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The Impact of the Pandemic on San Francisco Offices and Real Estate, Feat. Wen Sang

Updated: Jan 8, 2021

Manny Fishman: "Parking vacancies mean building vacancies and can inform building owners on occupancy levels and revenue. Wen, can you tell us what you're seeing when it comes to parking recovery?"

Wen Sang: Luckily for us, we have real-time parking data to 2,500+ properties across North America. In the beginning of the pandemic, back in April revenue and activity went down to less than 5%. The industry has been climbing back slowly and as of recently we're at about 40-45% of YoY volume. There are significant differences between the markets, for example, New York is recovering volume much faster than in other regions.

There are two major trends from a parking perspective for building owners:

  1. Enable flexible parking programs for a positive tenant experience: Back in May and June, many employers who hadn't previously provided parking for employees started calling their property managers about allocating space for employees, Because they expected a shift in how people were coming back to the office, such as A and B shifts. A monthly parking pass no longer makes sense for everyone, more flexible payment options are needed.

  2. Treat parking as an asset class with significant revenue opportunities: As tenant leases decreased during COVID-19, the opportunity for parking revenue has increased. In today's environment, everyone is trying to work with what they have and find opportunities to maximize their NOI. Parking revenue has supported revenue recovery and brought new opportunities when combined with dynamic pricing.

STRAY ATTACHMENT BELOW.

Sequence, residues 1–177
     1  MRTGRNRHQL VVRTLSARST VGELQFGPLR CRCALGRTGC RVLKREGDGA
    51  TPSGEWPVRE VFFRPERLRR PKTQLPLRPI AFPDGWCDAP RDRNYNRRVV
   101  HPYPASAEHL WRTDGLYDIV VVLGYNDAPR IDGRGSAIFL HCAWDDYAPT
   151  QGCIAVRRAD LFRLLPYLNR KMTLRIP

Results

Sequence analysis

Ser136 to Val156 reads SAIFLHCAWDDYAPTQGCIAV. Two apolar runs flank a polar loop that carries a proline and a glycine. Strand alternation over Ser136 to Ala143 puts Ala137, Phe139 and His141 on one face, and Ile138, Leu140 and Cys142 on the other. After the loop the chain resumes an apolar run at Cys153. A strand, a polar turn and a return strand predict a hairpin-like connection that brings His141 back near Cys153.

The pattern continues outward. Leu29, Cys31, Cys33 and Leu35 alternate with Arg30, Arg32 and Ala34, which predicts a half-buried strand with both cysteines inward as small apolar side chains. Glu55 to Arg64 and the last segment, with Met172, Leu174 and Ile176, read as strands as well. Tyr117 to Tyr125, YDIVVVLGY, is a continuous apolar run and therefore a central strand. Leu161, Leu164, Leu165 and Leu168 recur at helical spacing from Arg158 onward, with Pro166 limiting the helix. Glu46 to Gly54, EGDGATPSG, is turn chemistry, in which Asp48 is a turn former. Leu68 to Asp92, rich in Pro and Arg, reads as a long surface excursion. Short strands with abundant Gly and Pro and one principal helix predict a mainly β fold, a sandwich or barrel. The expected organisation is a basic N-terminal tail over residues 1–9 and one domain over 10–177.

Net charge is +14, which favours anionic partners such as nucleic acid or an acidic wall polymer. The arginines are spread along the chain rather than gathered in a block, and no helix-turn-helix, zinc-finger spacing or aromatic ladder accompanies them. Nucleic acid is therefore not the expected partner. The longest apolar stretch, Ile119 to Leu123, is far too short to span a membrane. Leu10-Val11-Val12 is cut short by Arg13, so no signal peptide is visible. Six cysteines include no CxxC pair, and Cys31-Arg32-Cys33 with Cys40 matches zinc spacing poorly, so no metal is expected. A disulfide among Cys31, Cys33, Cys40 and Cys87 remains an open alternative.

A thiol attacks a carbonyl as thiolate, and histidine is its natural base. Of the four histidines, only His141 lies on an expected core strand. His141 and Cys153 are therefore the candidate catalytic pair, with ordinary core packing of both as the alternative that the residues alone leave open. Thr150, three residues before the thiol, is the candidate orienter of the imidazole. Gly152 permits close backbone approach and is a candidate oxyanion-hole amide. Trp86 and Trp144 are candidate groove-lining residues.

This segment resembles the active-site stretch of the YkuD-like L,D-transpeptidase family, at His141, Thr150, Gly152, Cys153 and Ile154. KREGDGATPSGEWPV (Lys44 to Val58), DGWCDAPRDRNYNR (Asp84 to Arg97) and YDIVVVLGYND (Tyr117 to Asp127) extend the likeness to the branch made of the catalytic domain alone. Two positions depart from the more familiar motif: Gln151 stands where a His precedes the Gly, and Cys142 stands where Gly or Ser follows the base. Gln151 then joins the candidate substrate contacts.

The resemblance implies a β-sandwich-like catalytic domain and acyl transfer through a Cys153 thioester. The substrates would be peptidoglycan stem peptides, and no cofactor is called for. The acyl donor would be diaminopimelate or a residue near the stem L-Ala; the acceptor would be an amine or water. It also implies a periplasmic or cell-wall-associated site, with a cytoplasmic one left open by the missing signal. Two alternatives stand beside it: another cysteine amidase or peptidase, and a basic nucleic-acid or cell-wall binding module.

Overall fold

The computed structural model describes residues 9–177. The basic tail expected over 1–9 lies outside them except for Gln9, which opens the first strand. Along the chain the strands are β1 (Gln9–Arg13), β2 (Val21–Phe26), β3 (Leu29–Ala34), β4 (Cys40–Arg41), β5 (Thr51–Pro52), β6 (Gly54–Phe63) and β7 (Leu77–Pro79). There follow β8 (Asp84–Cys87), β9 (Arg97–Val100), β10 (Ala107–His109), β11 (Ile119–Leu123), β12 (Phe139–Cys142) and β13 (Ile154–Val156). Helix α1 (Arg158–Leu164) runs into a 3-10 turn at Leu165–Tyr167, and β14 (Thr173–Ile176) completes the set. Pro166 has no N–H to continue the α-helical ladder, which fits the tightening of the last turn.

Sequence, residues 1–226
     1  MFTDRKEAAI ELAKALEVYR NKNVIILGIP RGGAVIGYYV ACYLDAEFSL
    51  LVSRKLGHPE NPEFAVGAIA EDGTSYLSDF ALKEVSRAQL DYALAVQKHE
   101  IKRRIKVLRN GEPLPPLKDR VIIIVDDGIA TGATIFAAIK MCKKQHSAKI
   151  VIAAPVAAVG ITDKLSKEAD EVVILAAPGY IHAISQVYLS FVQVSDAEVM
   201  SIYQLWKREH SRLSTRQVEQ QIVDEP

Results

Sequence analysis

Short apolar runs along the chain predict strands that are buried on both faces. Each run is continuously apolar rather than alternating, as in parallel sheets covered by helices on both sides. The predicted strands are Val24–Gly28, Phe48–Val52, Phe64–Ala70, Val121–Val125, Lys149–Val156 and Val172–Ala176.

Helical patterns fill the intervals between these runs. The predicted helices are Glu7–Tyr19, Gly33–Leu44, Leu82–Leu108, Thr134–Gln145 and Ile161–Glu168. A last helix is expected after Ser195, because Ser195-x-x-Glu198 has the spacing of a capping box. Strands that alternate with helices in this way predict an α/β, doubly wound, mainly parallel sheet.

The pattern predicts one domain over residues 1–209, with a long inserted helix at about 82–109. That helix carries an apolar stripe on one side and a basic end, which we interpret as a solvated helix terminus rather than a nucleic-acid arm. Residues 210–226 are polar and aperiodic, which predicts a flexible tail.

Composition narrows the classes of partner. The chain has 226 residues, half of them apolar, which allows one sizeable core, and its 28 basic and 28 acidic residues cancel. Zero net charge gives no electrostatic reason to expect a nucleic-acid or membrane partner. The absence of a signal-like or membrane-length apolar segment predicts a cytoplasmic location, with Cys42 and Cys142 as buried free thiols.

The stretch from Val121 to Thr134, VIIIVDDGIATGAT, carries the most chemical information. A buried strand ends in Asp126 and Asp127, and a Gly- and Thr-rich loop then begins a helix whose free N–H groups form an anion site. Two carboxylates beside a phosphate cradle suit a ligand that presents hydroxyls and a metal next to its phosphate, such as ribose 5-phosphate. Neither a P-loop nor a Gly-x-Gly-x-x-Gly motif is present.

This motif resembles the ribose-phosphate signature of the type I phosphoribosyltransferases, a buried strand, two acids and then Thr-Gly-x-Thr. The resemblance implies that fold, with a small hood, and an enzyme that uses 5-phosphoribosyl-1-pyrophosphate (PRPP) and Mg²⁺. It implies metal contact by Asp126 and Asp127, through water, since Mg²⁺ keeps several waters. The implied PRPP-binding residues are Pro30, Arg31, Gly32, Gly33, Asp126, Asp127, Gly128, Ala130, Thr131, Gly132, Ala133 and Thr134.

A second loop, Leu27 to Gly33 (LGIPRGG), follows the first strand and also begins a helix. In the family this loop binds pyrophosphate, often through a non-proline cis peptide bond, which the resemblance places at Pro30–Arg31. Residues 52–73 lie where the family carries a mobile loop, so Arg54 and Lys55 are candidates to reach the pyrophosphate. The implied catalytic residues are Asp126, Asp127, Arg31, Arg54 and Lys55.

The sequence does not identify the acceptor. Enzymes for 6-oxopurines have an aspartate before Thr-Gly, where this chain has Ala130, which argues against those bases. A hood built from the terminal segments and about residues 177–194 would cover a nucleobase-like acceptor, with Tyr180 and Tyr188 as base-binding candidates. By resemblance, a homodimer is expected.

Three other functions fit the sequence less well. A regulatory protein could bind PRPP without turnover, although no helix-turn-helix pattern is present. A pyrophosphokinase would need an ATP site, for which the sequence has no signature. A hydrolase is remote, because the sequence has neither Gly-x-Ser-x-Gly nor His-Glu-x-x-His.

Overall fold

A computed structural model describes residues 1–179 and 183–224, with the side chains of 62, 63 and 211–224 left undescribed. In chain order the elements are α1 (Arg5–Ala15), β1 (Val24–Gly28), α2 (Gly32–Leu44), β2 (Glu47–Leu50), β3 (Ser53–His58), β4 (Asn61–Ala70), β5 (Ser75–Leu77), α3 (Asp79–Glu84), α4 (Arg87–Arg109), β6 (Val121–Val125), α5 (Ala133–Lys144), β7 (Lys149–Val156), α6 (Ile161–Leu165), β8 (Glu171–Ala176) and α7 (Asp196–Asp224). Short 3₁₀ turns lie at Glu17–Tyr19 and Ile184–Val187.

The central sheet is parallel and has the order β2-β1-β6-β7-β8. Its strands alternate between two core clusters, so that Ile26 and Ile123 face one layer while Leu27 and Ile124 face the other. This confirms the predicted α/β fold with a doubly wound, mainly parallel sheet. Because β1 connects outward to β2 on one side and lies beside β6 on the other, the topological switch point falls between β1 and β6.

Manny Fishman: "Street parking is sort of a Tale of Two Cities right now. In San Francisco, the city is taking away on-street parking so that restaurants can use it. How does that affect the value of on-street parking in residential areas?"

Wen Sang: As you mentioned earlier, we do work with municipalities and parking revenue can account for up to 30% their revenue to keep the communities running.

The majority of the cities have mostly free on-street parking and a segment where it is paid. For example, San Francisco has 266,000 on-street spaces and only 26,000 of those are metered and paid. We believe that no real estate should be free. When cities remove on-street parking, it pushes commuters to off-street garages, so overall, I do think it's a good thing and necessary right now.

Meet with Wen Sang to discuss trends in real estate and opportunities to mitigate revenue loss.

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